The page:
This essay concerns a new threat to human health and longevity, which is the rapidly growing hazard of electromagnetic “energy pollution” created by the advent of 5G, the “fifth generation” of wireless connectivity. It has also been referred to as the “Global Microwave Oven.”
Verizon Communications CEO Hans Vestberg recently said that South Florida, along with the rest of the Nation, with 5G technologies, is “on the cusp of a fourth industrial revolution.”
The Chairman of the Federal Communication Commission (FCC), Ajit Pai, after recently touring various cities in Florida such Tampa and St. Petersburg, said: “One takeaway for me is that Florida is on the leading edge of 5G. Another is that there’s much the FCC can and should do to help American consumers seize the opportunities of 5G.
I’m looking forward to working with State and local leaders in Florida and across the Country to promote wireless leadership and win the 5G future for American consumers.”
But brain tumors have been conclusively related with microwave pollution, and the worst offenders here are wireless cell phones, which drive a powerful beam of microwave radiation straight into the brain.
National Toxicology Program researchers released preliminary data in May, 2016 that showed small increases in tumors in male rats exposed to cellphone radiation.
The researchers found increased incidences of rare brain and heart tumors starting at about the federally allowable level of cellphone radiation for brain exposure, with greater incidences at about two and four times those levels.
according to advocacy group Physicians for Safe Technology, there are unstudied risks:
“Although 5G only penetrates the outer layers of skin, elements in the skin [and water/sweat] can act as a mini antennas [sic] radiating the RF frequencies deeper into the body and signaling the nervous, endocrine and immune system with broad adverse effects. There has been no pre market testing of 5G. It is assumed safe if it does not burn the skin … In addition, 5G technology has a disturbing data gap with regards to research on human or the environment.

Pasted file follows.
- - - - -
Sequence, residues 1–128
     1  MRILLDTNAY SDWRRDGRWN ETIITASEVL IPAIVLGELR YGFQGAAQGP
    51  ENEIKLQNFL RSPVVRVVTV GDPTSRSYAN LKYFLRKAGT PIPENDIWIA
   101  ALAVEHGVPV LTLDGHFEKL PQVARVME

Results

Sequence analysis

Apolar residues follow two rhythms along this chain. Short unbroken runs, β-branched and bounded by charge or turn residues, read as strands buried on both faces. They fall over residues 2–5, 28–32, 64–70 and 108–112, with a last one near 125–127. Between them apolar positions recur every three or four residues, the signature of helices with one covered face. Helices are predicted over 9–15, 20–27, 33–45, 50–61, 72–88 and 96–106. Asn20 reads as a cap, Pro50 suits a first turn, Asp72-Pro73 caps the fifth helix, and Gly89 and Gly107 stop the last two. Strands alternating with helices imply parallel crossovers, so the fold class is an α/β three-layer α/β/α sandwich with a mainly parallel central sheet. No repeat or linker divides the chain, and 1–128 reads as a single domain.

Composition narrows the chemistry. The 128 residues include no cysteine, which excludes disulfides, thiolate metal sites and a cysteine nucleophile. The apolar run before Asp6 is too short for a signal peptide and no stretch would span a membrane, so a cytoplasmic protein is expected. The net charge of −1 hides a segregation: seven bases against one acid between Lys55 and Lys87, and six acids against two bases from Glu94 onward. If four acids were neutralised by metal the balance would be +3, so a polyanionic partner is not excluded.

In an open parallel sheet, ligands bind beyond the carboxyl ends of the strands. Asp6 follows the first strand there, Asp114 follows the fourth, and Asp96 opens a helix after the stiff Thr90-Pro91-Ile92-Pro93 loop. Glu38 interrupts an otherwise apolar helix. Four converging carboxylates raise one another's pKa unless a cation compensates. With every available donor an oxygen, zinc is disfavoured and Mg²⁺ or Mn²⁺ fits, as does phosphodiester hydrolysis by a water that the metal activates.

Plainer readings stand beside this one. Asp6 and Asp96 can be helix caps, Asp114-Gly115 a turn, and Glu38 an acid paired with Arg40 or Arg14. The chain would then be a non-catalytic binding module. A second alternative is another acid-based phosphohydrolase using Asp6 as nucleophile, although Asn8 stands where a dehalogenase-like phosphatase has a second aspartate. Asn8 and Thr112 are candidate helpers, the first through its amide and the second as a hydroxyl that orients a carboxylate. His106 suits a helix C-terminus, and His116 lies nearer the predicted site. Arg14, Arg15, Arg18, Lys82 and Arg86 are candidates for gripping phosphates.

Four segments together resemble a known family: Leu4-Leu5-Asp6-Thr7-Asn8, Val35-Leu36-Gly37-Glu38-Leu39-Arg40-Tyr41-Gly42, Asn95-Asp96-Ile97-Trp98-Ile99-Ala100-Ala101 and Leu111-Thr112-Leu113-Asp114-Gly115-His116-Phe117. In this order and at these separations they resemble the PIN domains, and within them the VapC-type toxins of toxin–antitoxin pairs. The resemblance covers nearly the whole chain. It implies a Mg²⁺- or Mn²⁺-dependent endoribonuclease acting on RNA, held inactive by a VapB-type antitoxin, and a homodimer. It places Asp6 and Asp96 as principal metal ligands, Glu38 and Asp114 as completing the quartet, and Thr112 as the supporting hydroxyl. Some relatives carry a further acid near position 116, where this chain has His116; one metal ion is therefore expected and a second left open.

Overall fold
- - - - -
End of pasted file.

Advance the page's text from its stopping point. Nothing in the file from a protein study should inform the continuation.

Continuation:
“The deployment of 5G, or fifth generation cellular technology, constitutes a massive experiment on the health of all species,” Dr. Joel M. Moskowitz, Director at the Center for Family and Community Health at the University of California, Berkeley, told the Daily Mail Online. “5G will use high-band frequencies, or millimeter waves, that may affect the eyes, the testes, the skin, the peripheral nervous system, and sweat glands … Millimeter waves can also make some pathogens resistant to antibiotics,” he added.
The Guardian recently posing the question: “We dismiss claims about mobiles being bad for our health – but is that because studies showing a link to cancer have been cast into doubt by the industry?…we’d better brace ourselves, because according to some, things are about to get a lot worse.”
On September 13, 2017, more than 180 scientists and doctors sent an 11-page Appeal for a moratorium on the roll out of 5G in the European Union.